Read Artistic Director Peter Evans' program note from the 2022 production of Hamlet.
Hamlet is a very personal play. It’s personal to me. It’s about my father. It’s about my mother. It’s about my brother and I and how we are as sons, and it is about my daughter. This feeling I have for Hamlet is not because of any specific event in the play. I have not, thankfully, lost my father and been visited by a ghost who tells me to kill my uncle. But the ideas and relationships in this play speak to me. It resonates and moves me, often to tears.
The concept that art is universal is not as popular as it once was. And for good reason. Individual experiences and points of view are important. Too often cultural assumptions and claims of cultural significance are made by one particular group, and can be oppressive and insensitive. As a Shakespeare nut I see the value in the ability of his plays to speak to everyone and every generation. But perhaps the key is to work with the particular, to allow each audience to relate with their own particularities and viewpoints.
Our production has two elements that on the face of it would seem to make the play less personal to me. We have set the play in the early 1960s and we have cast a female actor in the role of Hamlet. Hamlet is a young man. A student. Struggling with grief. Coming to terms with his mother’s obvious desire for her new husband. Shakespeare is very interested in masculinity and how too often when under pressure, or perceived pressure, men can lash out. Often against women. Working with Harriet on the character of Hamlet is fascinating in this regard. Her point of view makes our exploration of the more troubling aspects of Hamlet’s behaviour more acute and specific. I feel our understanding of Hamlet is richer from having a her, play him.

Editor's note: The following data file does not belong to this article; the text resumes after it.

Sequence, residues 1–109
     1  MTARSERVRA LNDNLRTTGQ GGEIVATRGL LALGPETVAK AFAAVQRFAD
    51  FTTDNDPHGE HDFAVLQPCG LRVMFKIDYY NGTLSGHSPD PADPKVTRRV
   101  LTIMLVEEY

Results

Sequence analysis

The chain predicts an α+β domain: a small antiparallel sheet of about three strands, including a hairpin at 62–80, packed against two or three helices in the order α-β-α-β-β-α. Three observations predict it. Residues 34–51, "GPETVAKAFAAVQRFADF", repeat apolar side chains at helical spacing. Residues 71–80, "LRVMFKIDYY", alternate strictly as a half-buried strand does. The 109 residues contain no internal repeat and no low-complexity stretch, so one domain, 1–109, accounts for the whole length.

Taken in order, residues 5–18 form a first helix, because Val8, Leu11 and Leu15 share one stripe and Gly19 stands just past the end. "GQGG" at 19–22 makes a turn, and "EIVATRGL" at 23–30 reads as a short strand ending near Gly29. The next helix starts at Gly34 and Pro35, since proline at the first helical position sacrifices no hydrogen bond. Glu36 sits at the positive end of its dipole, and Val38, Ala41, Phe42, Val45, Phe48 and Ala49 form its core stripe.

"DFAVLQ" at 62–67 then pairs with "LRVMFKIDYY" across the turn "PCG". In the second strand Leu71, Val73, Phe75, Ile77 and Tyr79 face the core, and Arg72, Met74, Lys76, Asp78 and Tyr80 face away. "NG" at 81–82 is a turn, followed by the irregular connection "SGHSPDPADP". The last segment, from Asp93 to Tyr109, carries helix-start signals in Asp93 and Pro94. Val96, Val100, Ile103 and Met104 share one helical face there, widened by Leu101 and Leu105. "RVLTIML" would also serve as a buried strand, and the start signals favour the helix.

The 1960s setting reflects a fascinating aspect of the play; its innate nostalgia. The character of Hamlet longs for the past. He has an idealised vision of his father, and his parents’ marriage and former love for each other.
Shakespeare goes out of his way to differentiate Old Hamlet from his usurping brother. Claudius is very much a ‘new man.’ He is a Machiavellian and master politician as opposed to Old Hamlet with his hand to hand combat who is more like a classical Greek hero. The 1960s feels perfect for this play with its glamour, strong design aesthetic, huge cultural and social shifts, rebellious youth, and the existential threat of nuclear war. This nostalgia inspires memory. Perhaps the entire play is a memory of Horatio’s? Or perhaps Hamlet’s and then Gertrude’s, or maybe Ophelia’s? Shakespeare uses theatre as a space for the imagination, for dreams, and for memories. He constantly references the theatre within the theatre. Hamlet is full of ‘plays’ and features an actual play in performance within it. Shakespeare plays with us as an audience of audience. He loves the artificial nature of this art form of time and space. He relishes the moment that we, as audience, allow ourselves to believe what is happening on stage is real.
We aim for the specific in order to explore the universal. The setting is an entry, a jumping off point into the ideas that the play provokes. This is the great engine of Hamlet: his conflict between two irreconcilable actions; to revenge, to murder, to commit a mortal sin, or to not and be a coward, a failed son and child.
My hope is we can all find ourselves in the ideas of this play, not the cultural specificity, not in the period it was written or the period of the production, but in the experience of longing, of grief, of delight, of pain, of being a parent, of being a child, and perhaps, if I may be so bold, of being.